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The best way to reheat pizza

McKinley Valentine — 3 min read
best way to reheat pizza: the easiest good method and the still pretty easy great method
Photo by James Butterly on Unsplash

Easiest method that is still very good:

Get a cookie sheet. Put baking paper on it so the pizza won’t stick to it. Put cold slices on tray. Completely cover the cookie sheet in alfoil (tin foil, whatever you call it). Put in cold oven. Turn oven on to about full, 220°C or 430°F. Leave for about 20 minutes (depends how many slices you’re putting in and how quickly your oven heats up, check at 15 minutes or earlier.)

Complicated method for optimisers:

I haven’t tried this because if I’m eating re-heated pizza, I’m not in an “optimise cooking” mode. But it’s r/pizza’s official recommended method, and reddit is usually good for finding the optimal method for something. It’s where I get all my skincare advice from.

1. Put cold pizza in non-stick frying pan on medium-low heat. 2. Cook 2 minutes or until bottom is crispy. 3. Place 2 drops of water into hot pan as far away from pizza as possible. 4. Cover frying pan and steam for 1 minute to melt cheese. 5. Eat!

Fastest method:

Chlorine trifluoride seems pretty effective?*

This piece was originally published in The Whippet #119 – subscribe to get the next issue in your inbox!

* That was a reference to a piece earlier in that issue of The Whippet, which I include here

The sheer terror of working with chlorine trifluoride

Chlorine trifluoride, or CTF, is an almost perfect fuel for rockets, with a very big almost:

It is, of course, extremely toxic, but that's the least of the problem. It is hypergolic with every known fuel [hypergolic with = spontaneously catches fire upon contact], and so rapidly hypergolic that no ignition delay has ever been measured. It is also hypergolic with such things as cloth, wood, and test engineers, not to mention asbestos, sand, and water—with which it reacts explosively.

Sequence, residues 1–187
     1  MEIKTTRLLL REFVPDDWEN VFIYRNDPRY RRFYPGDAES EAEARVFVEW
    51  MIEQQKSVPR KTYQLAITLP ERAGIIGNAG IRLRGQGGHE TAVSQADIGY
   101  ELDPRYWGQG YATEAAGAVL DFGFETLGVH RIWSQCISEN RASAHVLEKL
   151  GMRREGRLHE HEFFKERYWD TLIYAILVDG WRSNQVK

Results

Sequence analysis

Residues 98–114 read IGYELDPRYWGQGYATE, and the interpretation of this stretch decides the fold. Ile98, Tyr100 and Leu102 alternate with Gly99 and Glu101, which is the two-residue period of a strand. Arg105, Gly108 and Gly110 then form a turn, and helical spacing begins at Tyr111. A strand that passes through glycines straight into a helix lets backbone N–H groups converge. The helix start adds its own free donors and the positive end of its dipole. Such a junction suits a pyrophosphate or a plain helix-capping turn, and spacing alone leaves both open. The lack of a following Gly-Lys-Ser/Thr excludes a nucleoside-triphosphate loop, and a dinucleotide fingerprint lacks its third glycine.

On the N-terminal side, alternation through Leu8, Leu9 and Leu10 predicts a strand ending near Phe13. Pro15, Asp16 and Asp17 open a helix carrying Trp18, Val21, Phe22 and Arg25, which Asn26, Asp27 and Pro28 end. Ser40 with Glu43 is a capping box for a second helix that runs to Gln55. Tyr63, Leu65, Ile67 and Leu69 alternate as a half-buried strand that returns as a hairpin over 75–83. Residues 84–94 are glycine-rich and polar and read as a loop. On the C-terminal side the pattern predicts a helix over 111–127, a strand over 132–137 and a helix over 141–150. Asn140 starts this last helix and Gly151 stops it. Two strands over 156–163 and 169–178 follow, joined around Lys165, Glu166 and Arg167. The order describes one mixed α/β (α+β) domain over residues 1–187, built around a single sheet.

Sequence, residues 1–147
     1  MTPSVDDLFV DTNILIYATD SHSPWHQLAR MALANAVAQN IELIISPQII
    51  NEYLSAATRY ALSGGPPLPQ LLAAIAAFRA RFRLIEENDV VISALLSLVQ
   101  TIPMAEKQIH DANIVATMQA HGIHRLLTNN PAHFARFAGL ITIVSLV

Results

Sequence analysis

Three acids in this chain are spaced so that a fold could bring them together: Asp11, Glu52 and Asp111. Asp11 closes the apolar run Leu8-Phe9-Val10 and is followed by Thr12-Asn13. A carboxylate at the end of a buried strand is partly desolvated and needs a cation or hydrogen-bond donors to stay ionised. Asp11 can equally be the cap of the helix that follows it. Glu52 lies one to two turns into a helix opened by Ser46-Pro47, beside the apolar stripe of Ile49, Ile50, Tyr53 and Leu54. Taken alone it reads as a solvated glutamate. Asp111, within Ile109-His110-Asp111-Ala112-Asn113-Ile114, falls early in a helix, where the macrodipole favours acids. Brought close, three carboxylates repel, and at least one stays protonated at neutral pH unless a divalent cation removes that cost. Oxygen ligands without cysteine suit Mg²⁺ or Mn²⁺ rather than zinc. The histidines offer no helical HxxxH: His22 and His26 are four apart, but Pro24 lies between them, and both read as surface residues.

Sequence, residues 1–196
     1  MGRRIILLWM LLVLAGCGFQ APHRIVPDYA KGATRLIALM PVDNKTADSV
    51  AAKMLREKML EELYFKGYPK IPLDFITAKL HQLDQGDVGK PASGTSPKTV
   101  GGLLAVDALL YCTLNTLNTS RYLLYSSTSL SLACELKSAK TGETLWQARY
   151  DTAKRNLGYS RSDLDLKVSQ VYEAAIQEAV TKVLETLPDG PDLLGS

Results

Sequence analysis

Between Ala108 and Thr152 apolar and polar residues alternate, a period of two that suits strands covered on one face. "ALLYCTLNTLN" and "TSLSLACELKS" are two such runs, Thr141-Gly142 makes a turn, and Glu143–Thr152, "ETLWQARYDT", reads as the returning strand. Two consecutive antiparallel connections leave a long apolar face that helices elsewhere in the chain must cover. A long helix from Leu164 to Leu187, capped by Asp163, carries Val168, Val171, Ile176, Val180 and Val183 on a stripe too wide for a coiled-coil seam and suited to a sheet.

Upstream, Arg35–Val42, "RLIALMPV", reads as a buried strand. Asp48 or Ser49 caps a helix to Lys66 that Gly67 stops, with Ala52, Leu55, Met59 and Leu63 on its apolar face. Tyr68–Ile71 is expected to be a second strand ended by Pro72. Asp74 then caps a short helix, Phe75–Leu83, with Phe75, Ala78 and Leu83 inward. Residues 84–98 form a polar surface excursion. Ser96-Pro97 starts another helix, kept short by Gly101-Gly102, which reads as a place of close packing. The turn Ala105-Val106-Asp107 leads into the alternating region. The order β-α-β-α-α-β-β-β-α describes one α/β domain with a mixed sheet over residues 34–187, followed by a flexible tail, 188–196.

It can be kept in some of the ordinary structural metals—steel, copper, aluminum, etc.—because of the formation of a thin film of insoluble metal fluoride that protects the bulk of the metal, just as the invisible coat of oxide on aluminum keeps it from burning up in the atmosphere. If, however, this coat is melted or scrubbed off, and has no chance to reform, the operator is confronted with the problem of coping with a metal-fluorine fire. For dealing with this situation, I have always recommended a good pair of running shoes.

In one recorded spillage, CTF set fire to the concrete floor, burning through a foot of solid concrete and then three more feet of gravel underneath it before it flamed out.

But let’s assume you manage to actually handle it safely and get it into a rocket:

Ignition was beautiful—so smooth that it was like turning on a hose. Performance was high—very close to theoretical. And the reaction was so fast that you could burn it in a surprisingly small chamber. But. If your hardware was dirty, and there was a smear of oil or grease somewhere inside a feed line, said feed line would ignite and cleverly reduce itself to ashes.

Gaskets and O-rings generally had to be of metal; no organic material could be restrained from ignition. Teflon would stand up under static conditions, but if the CTF flowed over it with any speed at all, it would erode away like so much sugar in hot water, even if it didn't ignite.

(Both quotes from John Drury Clark’s 1972 book, Ignition! An Informal History of Liquid Rocket Propellants [PDF] via @klezmerstyle on twitter.)

The many-step, arduous process of how to get it safely into the feed lines is similarly delightful, I cut it out of respect for your time, but it’s a fun read. After explaining the arduous, multistep process of safely getting it into the feed lines, the next paragraph begins: “It was when the stuff got into the motor that the real difficulties began…”

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